Tomorrow, November 1, has been set as "Global Communication Shutdown Day."† We are encouraged to cease twittering and facebooking for the day in order to raise awareness of and funds for autism - and, to some degree, to simulate the communications challenges faced by people on the autism spectrum. The non-communication is supposed to mirror autistic isolation; the fundraising will take place when you pay for a "charity app" you place on your computer which "spreads the word, gives a shutdown badge to wear online and adds your picture to a global mosaic of supporters, next to the celebs."† Information about recipients of you donations can be found on the Global Shutdown Day website.
Not surprisingly, there is significant controversy within the autism community about whether or not a Global Communication Shutdown Day is a good idea.† According to the Communication Shutdown website:
It's a global initiative to raise much-needed funds for autism groups in over 40 countries. By shutting down social networks for one day on November 1, we hope to encourage a greater understanding of people with autism who find social communication a challenge.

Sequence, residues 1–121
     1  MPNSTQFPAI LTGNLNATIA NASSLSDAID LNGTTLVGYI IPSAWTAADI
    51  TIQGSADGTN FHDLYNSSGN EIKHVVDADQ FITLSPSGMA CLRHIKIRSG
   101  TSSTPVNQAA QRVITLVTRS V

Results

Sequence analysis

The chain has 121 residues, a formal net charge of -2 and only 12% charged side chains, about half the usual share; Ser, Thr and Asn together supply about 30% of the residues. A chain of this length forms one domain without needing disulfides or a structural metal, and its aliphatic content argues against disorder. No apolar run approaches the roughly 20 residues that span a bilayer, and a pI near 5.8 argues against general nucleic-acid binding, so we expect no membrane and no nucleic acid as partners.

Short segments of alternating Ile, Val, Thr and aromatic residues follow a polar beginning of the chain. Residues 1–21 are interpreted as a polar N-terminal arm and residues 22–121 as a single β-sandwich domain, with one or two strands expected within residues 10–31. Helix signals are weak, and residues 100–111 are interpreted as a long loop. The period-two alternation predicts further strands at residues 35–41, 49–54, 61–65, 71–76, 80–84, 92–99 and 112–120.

Stuart Duncan, an autism dad and blogger who occasionally comments on this site, is taking part in a coordinated "Shout Out" event on Twitter and will (with others) host an online chat on The Coffee Klatch website to counter the day of silence.† Here, in part, are his reasons:
The whole idea of Autism Awareness and Advocacy is that we speak out for those people/children that can not speak for themselves. As such, it makes very little sense to silence ourselves for them.
Also, I'm not even Autistic but even I feel it's pretty insulting to think that not visiting a couple of websites could ever give you any insight into what it's like to have Autism. That's like saying that because you were in chess club, you know what it's like for children in bad neighbourhoods to get mixed up in violent gangs.
Marianne, a member of the Communication Shutdown team, has responded to Duncan's blog post, saying "...yes, it is one day of silence, but we are certainly making sure this silence will be noticed. There will be plenty of communication before and after the day. Also, through the application, a mass message of support will be sent out by all participants on the morning of Nov 1 to make a highly-visible statement all at once."
I personally don't intend to take part in the "Communication Shutdown." I'm not passionately against the idea, but I do have some questions about donating to a suddenly-there non-profit; I'm not at all sure that the event will help to improve understanding of a very complex and diverse group of people; and I truly think we're better served by communicating than by ceasing to communicate (even if it's for a cause). I will, however, dedicate this week's newsletter and tomorrow's blog to the topic of communication and autism.
Will you take part in the Communication Shutdown? What are your reasons pro or con? Share your thoughts and vote in the poll!